One of my favorite times of summer coincides with the blooming of one of my favorite flowers, Monarda didyma, or more commonly called Bergamot or Bee Balm. This is such an unusual, striking flower and I am awed by it every summer, in fact as I am looking at this flower on my desk right now I feel emotional and wondering what is it about this flower that speaks to me.
The flower is on a stem about 3-4 feet tall and the first blossoms are usually double headers (two blooms on top of each other). Subsequent blooms after deadheading those are usually single flowers. The flowers are spiky and of a beautiful bright shade of red. The Monarda Fistulosa is a lavender version of this flower and while beautiful and a lovely scent, it usually starts blooming a good 2-3 weeks after the Red variety of Monarda and is always a single flower with soft leaves.
This flower has a long history of folk use from crushing the leaves to soothe bee stings (hence name Bee Balm) to use by the Native peoples of America to make Oswego tea as a gentle calming tea for the nervous system and to soothe indigestion. The leaves have also been used historically as a compress for sore eyes, headaches, muscle spasms,fungal infections and to slow bleeding. In battlefields, soldiers would chew on the leaves to use them on their wounds or sore muscles.
Medicinally, Monarda is an important and versatile plant for your medicine chest. It is soothing on the digestive tract and helps prevent indigestion, bloating and nausea. It is antispasmodic and is useful in treating menstrual cramps and coughs. It is a nervine that is gentle in it's action, having a calming effect on the nervous system and used to treat anxiety and stress. It has a high thymol content making it a strong antiseptic so often used in upper respiratory teas, and as a tea mouthwash for relief from sore throats, toothaches and mouth sores. It can be used externally to treat scrapes, stings and rashes (mash up some leaves) and can use the leaves in a bath for achy muscles or as a foot soak. It will also freshen breathe when drink as a tea, fight infections in the mouth and gums and relieve diarrhea, vomiting and Candida overgrowth. Very versatile indeed! To add to that impressive list, it makes a great spice for your food and can replace oregano and thyme in your recipes. Please remember to use caution by not using this plant if you are pregnant since it is an emmenogogue which stimulates blood flow.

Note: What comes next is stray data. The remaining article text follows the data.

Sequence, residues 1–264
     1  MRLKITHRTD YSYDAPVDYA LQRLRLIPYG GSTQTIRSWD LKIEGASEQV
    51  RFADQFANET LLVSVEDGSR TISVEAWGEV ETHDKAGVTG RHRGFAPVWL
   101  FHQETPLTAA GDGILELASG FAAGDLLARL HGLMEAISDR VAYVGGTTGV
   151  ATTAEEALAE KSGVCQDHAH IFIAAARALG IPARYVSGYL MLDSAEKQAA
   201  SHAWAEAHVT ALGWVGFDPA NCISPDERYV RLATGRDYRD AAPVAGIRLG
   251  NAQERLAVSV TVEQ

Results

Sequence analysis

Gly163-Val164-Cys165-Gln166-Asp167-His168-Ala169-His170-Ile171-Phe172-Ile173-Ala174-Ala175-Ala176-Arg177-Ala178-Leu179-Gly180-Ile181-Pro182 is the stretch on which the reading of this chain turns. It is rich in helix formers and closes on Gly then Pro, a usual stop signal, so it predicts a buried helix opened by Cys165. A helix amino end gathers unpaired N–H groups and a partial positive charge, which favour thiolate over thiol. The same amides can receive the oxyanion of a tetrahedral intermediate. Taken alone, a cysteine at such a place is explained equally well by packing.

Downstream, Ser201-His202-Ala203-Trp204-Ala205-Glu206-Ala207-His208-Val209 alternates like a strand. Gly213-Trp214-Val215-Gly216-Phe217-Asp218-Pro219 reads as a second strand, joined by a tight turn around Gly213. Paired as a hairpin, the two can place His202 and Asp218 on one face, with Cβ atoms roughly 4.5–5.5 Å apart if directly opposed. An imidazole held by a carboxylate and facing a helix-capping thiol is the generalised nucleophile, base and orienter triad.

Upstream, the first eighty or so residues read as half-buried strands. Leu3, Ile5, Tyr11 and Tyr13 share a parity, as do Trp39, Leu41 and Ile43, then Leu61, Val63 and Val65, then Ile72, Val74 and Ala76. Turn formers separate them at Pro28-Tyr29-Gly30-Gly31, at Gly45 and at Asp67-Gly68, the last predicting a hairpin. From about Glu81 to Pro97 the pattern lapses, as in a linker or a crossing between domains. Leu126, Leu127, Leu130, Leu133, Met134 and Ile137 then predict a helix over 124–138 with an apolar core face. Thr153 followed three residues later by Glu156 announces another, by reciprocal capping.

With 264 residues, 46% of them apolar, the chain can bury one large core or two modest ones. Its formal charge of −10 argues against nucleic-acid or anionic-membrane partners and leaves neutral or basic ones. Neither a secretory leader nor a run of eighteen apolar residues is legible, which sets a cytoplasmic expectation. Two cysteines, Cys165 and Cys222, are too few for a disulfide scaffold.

So why am I so moved by this flower? Well, according to someone's wisdom, the flower symbolizes compassion and sympathy. Interestingly, I can see that, no I can feel that about this flower. I don't always "feel" or "tune" into flowers and plants as some claim but today, I am with this flower. Perhaps it reminds me a little of me or as I am becoming me and letting go of the shackles of society and emotional training that I am not enough and need to conform to others expectations. As I am removing those shackles and restraints on myself I find I am becoming a little more bold and unique and bright. I am letting my spiky redness come out and I am liking it and having fun.
I can sense from this bold, flashy and unique flower that it is calling me to pay attention to it, to come nearer so that it can show me myself with compassion. I struggle to be kind to myself, and I don't think I am alone in that struggle. And as I bend down to smell and observe this flower, the scent just settles me right down and I want to sit in a whole field of these bright red and lavender flowers, spread out my arms, smile, sniff and sing. I'd probably get a few bee stings doing that, as they love this flower, as do the butterflies and hummingbirds. They bring so much beauty to my garden and invite more beautiful things into my little world as well.
If you want to grow this flower, you can. It is natural to this area and thrives for me. Just be careful in where you plan to plant it as it is a spreader, as are all plants from the mint family. The gardening experts tell you it loves to grow in rich, moist and acidic soils, but I am here to tell you it does fantastic in my heavy clay, alkaline soil. Course I amend the soil with compost so not so heavy. This plant does well in full sun to part shade, grows to 3-5 feet tall and blooms in late July to September, if you keep deadheading the blooms. Give this plant plenty of space for air circulation, as it is susceptible to powdery mildew, and don't water this plant in late afternoon or evenings or that mildew really spreads. I got all my plants as starts from my friends who were thinning out their gardens, so cannot speak to the ease of starting from seed, but it is native here so I am sure it will do just fine, but what a way to find and make a friend - share a plant. You're gonna love this flower. Do you have memories growing or using this plant? Share with me, I would love to hear.
I will be featuring Monarda in some tea blends this fall and winter to support the respiratory system. If harvesting this plant for teas, like Oswego tea, use the full bloomed flower; for other teas I use the leaves and flowers just before or as fully blooming.